The measurement of SF in

The measurement of SF in RAD001 normal patients and patients with hereditary hemochromatosis is a reliable reflection of body iron stores and hepatic iron concentration.5 However, SF is often increased in liver disease per se, probably because of release of ferritin molecules and reduced clearance of ferritin from the circulation. Thus, in many patients with liver disease, SF simply reflects hepatic necroinflammatory activity rather than increased body iron stores. Serum ferritin concentration is also frequently increased in infection, systemic inflammatory conditions, and malignancy.5-7 The exact pathophysiological

mechanism in end-stage liver disease that explains the relationship between SF and OLT waiting list mortality is uncertain. It is important to consider whether this relationship is attributable to increased liver iron stores promoting further hepatocyte injury. Approximately 30% of patients with advanced cirrhosis attributable to hepatocellular forms of liver disease have increased hepatic iron concentration independent of the HFE mutations. Serum ferritin concentration is usually increased in these subjects.16, Smad inhibitor 17 Although controversial, some studies suggest that these patients have increased pretransplantation and posttransplantation mortality as well as an increased risk of HCC.18,

19 Difficulty in obtaining liver tissue for the measurement of hepatic iron concentration has precluded large prospective studies addressing the effect of increased liver iron on the natural history of end-stage liver disease. However, magnetic resonance imaging technology to accurately measure hepatic iron concentration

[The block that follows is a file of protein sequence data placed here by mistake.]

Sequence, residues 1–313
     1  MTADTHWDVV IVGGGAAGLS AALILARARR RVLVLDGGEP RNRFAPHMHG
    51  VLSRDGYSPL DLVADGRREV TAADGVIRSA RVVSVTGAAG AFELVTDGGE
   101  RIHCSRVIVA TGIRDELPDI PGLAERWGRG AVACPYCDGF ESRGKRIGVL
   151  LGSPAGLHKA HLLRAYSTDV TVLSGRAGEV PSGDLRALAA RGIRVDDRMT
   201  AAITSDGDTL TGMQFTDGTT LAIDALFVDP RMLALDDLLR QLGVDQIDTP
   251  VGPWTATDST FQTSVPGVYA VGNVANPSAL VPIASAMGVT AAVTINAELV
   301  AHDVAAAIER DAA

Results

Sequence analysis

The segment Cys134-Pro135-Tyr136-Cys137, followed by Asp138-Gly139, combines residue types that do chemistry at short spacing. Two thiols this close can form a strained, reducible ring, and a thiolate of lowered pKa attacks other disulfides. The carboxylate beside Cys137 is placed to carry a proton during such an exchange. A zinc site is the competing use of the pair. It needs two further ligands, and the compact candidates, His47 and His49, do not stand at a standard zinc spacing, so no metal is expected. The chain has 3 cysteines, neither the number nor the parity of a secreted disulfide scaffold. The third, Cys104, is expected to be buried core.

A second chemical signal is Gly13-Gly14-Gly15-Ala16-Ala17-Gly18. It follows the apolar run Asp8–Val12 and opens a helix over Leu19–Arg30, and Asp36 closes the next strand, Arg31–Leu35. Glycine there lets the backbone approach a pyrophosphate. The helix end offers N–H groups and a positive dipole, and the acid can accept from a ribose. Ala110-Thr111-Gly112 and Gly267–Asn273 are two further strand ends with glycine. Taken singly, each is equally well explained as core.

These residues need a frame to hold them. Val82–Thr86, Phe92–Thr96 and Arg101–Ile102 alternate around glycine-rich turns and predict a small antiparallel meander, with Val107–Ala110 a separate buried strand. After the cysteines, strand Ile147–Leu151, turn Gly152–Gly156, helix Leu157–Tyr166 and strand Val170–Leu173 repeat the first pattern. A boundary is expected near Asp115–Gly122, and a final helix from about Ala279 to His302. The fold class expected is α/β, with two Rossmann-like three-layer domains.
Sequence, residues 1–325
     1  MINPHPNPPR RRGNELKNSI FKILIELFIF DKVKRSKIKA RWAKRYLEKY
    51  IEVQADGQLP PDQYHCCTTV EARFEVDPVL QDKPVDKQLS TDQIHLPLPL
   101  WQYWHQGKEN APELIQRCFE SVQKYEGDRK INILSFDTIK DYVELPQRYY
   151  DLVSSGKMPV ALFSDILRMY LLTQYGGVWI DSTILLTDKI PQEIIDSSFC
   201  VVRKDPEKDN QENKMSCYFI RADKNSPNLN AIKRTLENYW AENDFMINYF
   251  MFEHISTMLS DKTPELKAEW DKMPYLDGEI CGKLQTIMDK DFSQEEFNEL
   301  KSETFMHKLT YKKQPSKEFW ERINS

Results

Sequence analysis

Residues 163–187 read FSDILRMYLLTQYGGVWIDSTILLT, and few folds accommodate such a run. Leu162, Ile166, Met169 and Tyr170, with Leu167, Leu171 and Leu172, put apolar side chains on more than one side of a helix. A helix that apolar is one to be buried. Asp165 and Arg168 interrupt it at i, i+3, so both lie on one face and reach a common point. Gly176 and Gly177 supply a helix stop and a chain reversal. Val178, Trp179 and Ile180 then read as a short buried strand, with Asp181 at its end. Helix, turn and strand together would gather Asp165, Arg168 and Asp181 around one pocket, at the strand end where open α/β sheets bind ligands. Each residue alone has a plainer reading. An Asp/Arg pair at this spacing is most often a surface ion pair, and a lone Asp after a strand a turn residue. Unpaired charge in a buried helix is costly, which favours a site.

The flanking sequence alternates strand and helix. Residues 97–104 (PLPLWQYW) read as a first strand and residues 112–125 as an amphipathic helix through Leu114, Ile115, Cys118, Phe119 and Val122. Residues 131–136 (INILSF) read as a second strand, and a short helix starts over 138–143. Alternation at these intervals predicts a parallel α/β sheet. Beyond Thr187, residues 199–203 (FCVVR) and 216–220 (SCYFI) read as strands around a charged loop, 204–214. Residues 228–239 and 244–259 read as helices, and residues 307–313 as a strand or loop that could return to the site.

(FerriScan) using noninvasive techniques provides a method for studying patients with cirrhosis.20 Increased hepatic necroinflammatory activity accompanied by worsening liver function is a possible explanation of the relationship MCE between SF and waiting list mortality. This possibility is supported by the positive correlation between serum alanine transaminase levels and SF in this cohort. However, the correlation coefficient describing this relationship suggests that important factors in addition to serum alanine transferase concentration (and necroinflammation) also contribute to the elevated SF in advanced liver disease. Recently, Ruddell et al.21 proposed that ferritin functions as a proinflammatory cytokine, and this may have relevance to the findings of this study. Subjects with active or recent infection (within the previous month) were excluded from the Australian study cohort. Therefore, the relationship between mortality and SF is unlikely to be explained by an intercurrent infection. Similarly, the effect of SF on mortality was independent of the presence of HCC and other malignancies.

Leave a Reply

Your email address will not be published. Required fields are marked *


You may use these HTML tags and attributes: <a href="" title=""> <abbr title=""> <acronym title=""> <b> <blockquote cite=""> <cite> <code> <del datetime=""> <em> <i> <q cite=""> <strike> <strong>